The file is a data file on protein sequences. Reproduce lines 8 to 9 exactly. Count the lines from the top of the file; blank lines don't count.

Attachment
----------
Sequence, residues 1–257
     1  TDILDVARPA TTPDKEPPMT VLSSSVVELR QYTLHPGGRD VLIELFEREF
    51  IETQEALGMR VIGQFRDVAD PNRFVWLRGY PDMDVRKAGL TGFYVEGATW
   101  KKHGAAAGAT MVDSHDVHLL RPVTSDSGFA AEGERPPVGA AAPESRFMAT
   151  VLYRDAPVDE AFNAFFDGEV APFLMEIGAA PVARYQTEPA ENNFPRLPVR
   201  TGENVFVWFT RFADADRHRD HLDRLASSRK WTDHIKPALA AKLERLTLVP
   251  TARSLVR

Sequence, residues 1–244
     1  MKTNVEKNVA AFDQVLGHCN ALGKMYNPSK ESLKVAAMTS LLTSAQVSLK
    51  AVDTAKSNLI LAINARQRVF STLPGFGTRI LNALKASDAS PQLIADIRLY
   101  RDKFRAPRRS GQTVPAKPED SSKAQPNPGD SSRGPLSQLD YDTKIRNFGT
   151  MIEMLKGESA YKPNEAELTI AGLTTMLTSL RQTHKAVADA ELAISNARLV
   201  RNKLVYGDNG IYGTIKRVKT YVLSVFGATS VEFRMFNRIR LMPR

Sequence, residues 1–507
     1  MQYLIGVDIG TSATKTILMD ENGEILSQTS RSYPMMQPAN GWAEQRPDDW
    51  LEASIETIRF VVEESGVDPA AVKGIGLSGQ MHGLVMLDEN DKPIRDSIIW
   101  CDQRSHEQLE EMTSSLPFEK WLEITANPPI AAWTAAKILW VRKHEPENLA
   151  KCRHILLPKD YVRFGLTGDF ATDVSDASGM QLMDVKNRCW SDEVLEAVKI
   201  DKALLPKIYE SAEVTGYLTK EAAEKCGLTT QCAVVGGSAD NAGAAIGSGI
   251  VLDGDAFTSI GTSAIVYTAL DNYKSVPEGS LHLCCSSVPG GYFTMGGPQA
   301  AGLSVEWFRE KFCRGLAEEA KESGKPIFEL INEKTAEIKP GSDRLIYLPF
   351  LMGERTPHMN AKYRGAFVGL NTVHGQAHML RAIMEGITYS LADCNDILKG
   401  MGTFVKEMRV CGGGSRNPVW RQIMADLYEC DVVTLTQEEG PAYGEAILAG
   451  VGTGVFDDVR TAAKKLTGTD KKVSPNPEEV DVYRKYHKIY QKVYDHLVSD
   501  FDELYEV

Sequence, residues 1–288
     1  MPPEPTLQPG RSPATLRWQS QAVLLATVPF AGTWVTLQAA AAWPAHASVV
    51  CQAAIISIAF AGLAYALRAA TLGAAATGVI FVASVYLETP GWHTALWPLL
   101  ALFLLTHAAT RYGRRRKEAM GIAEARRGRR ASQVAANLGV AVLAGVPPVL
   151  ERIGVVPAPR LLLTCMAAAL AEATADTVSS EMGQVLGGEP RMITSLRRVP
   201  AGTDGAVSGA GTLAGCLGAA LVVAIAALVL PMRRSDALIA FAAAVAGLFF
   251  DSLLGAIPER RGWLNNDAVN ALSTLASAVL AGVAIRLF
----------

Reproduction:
Sequence, residues 1–244
     1  MKTNVEKNVA AFDQVLGHCN ALGKMYNPSK ESLKVAAMTS LLTSAQVSLK